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Rationality in Absentia Disorder: An Example of Temporary Adolescent Insanity

The adolescent brain has a strong gas pedal and a weak brake which, unfortunately, leads to periods of what can only be called temporary insanity. The insanity comes in various forms, names for which are not found in conventional diagnostic systems like, for example, the Diagnostic and Statistical Manual of the American Psychiatric Association. They are not found there because I made them up and in this article I want to discuss one—something I call Rationality in Absentia Disorder (RAD). You can diagnose RAD yourself, you do not need to consult a professional. Here’s how. 

First, your adolescent has to do something that is disturbing and makes no sense—not to you or any other (mature) adult. For example, your adolescent boy microwaves a cricket. Second, you find yourself asking questions in a virtually fruitless quest to find some sense in what your boy has done. The most common questions are “why did you do that?” and “what were you thinking?” If you find yourself in such a situation, quest no further, you are in the presence of RAD. The true answers to the questions are “I did it because I felt like it” and “I wasn’t thinking.” That is the nature of RAD—rationality is absent.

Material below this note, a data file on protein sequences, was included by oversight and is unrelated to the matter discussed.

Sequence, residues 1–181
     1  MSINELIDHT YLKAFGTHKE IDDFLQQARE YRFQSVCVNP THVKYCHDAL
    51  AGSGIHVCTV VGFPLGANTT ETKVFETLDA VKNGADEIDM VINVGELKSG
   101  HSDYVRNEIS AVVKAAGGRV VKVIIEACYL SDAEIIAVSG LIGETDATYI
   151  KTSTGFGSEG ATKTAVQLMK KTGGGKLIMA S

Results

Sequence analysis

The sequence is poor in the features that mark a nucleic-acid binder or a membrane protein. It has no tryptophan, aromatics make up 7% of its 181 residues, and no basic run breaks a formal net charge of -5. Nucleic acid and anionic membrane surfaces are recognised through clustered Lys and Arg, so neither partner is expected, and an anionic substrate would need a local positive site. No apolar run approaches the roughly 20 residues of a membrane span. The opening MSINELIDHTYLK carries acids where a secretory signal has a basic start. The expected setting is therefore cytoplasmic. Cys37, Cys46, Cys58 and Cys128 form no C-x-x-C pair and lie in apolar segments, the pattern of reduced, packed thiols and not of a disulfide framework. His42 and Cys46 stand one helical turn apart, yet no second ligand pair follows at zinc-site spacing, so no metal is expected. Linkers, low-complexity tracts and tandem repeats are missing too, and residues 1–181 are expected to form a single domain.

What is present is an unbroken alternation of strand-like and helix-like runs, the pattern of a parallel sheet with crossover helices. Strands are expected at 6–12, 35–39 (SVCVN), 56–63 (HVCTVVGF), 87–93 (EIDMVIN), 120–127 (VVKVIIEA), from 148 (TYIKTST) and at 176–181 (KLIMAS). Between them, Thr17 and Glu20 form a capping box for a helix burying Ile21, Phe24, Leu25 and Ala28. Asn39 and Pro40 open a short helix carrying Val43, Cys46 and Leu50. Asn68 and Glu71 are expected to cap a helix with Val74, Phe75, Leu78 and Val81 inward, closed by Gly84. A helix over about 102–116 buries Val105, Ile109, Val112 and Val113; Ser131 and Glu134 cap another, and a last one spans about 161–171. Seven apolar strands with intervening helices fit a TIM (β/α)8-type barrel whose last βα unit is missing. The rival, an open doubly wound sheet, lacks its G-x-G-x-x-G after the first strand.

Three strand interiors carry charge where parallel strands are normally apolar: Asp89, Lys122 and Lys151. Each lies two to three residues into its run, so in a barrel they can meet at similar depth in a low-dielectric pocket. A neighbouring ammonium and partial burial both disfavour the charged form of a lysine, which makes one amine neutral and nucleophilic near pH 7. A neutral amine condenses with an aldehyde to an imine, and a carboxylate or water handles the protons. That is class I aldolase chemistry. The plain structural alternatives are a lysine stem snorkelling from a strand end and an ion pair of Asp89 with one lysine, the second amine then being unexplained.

Alas, because our lives are more rational, we find the true answers to these questions unacceptable and we press the adolescent for rational answers. Recognizing that the truth is unacceptable to adults, adolescents often supply rational explanations for their irrational behavior. In other words, they lie. But we are complicit in these lies because we communicate, always indirectly and often directly, that the truth—the simple, unvarnished, unadorned truth—is unacceptable. 

So how should adults respond to RAD? That is simple; respond to it in a way that will add to the steady development of rational thought in the adolescent by supplying unpleasant consequences. Not because the boy or girl was bad but because their behavior was stupid, and the best way to teach an adolescent to avoid stupid behavior is to make it cost them. It will take time—learning to inhibit irrational behavior and exhibit rational behavior takes time, but gradually the adolescent will recognize that their RAD behaviors, however fun they may have been at the time of their occurrence, are simply too costly to continue. In other words, they will begin to develop common sense which is the opposite of RAD.

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